Moner Mohammad Abu-Salha: Former CIA official offers insight into terrorism recruitment

VERO BEACH, Fla. - A Treasure Coast man is likely the first ever American to be involved in a suicide bombing in Syria.

Moner Mohammad Abu-Salha, 22, is said to have died in a suicide bombing Sunday.

People who knew Abu-Salha and his family in Vero Beach say they noticed he changed, even alienated himself during recent years.

Now, they wonder how he could change so drastically to fall into the ranks of radicals.

Intelligence experts believe the bombing was carried out by an Al-Qaida linked organization.

It's an unexpected ending to his life for those who knew him. "I wonder if he was just looking for acceptance," said neighbor Bill Miller.

A family friend, who did not want to be identified tells WPTV that Abu-Salha, who went to Sebastian River High School, left the country unexpectedly at least a year ago.

The family friend says Abu-Salha's father told him Abu-Salha rarely contacted family while he was there, but eventually sent an email saying he was okay and happy there.

The family friend also says Abu-Salha told his family he was in Jordan working as a nurse.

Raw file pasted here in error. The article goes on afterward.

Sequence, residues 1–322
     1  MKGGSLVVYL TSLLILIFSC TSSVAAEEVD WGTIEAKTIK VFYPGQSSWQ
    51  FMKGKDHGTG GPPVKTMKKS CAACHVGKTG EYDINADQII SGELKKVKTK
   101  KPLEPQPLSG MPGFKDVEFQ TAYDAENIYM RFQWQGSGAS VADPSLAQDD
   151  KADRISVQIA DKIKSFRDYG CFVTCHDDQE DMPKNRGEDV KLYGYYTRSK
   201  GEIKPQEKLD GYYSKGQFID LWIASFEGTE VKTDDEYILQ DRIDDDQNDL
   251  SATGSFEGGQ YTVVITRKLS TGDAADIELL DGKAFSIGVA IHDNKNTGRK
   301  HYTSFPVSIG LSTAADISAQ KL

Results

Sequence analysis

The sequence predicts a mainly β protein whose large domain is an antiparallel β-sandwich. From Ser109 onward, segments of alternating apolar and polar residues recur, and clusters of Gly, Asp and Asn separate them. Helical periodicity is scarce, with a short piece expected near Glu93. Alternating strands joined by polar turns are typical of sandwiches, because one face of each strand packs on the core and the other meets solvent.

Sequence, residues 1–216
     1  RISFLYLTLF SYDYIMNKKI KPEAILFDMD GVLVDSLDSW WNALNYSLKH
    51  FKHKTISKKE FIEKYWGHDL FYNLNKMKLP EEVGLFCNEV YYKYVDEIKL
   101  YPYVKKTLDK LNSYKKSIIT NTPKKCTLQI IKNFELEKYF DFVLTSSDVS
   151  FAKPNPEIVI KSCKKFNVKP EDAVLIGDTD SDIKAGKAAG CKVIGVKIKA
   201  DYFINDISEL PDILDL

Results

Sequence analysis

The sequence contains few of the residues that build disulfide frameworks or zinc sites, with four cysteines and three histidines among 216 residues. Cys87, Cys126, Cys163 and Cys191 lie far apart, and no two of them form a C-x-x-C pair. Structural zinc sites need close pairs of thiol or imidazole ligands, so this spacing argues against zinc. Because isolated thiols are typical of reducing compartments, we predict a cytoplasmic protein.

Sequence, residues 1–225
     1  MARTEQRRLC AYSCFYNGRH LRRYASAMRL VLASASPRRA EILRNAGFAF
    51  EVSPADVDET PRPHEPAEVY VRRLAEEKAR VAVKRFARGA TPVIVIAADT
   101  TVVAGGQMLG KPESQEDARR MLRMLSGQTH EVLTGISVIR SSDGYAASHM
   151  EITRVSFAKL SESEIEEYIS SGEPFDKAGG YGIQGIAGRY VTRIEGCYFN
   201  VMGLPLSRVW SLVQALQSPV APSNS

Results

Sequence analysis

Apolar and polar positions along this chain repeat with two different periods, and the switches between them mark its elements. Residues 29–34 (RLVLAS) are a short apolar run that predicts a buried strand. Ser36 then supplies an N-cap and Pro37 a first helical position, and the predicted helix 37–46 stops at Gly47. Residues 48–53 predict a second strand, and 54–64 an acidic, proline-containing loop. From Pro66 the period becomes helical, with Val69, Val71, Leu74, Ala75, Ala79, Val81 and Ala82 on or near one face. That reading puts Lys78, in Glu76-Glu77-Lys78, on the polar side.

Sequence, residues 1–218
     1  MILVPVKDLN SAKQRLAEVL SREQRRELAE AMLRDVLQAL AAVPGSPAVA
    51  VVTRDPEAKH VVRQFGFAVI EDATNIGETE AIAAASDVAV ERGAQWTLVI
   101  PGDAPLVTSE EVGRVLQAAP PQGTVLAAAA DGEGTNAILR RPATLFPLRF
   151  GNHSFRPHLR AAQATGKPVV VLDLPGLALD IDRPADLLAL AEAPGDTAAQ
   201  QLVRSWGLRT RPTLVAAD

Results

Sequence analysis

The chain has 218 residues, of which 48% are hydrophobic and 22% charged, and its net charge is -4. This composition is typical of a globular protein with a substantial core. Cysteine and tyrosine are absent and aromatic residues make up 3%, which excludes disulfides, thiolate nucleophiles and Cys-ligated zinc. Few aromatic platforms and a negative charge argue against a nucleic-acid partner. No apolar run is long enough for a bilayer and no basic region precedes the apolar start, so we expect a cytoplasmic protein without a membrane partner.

"In general, I think people want acceptance and maybe someone took advantage of what his needs were," Miller said.

Brad Robinson, a former CIA operative and current private investigator with The Millenium Group , says it is becoming easier for terrorist groups to recruit someone like Abu-Salha, even from thousands of miles away.

"It's probably not unlikely that 95% of his recruitment took place over the internet," Robinson explained.

He says chat rooms and online bulletins allow for easier contact. "This is the new trend in recruitment. It's something that didn't happen ten years ago," Robinson said.

Robinson says the recruit and recruiter will only meet face-to-face when the recruit actually travels to the other country, providing more secrecy and safety for the terrorist group.

"It's happening all over the country. Probably much more so than people realize," Robinson said.

Intelligence experts will continue to investigate exactly how Abu-Salha might have been recruited and become involved in his deadly bombing.

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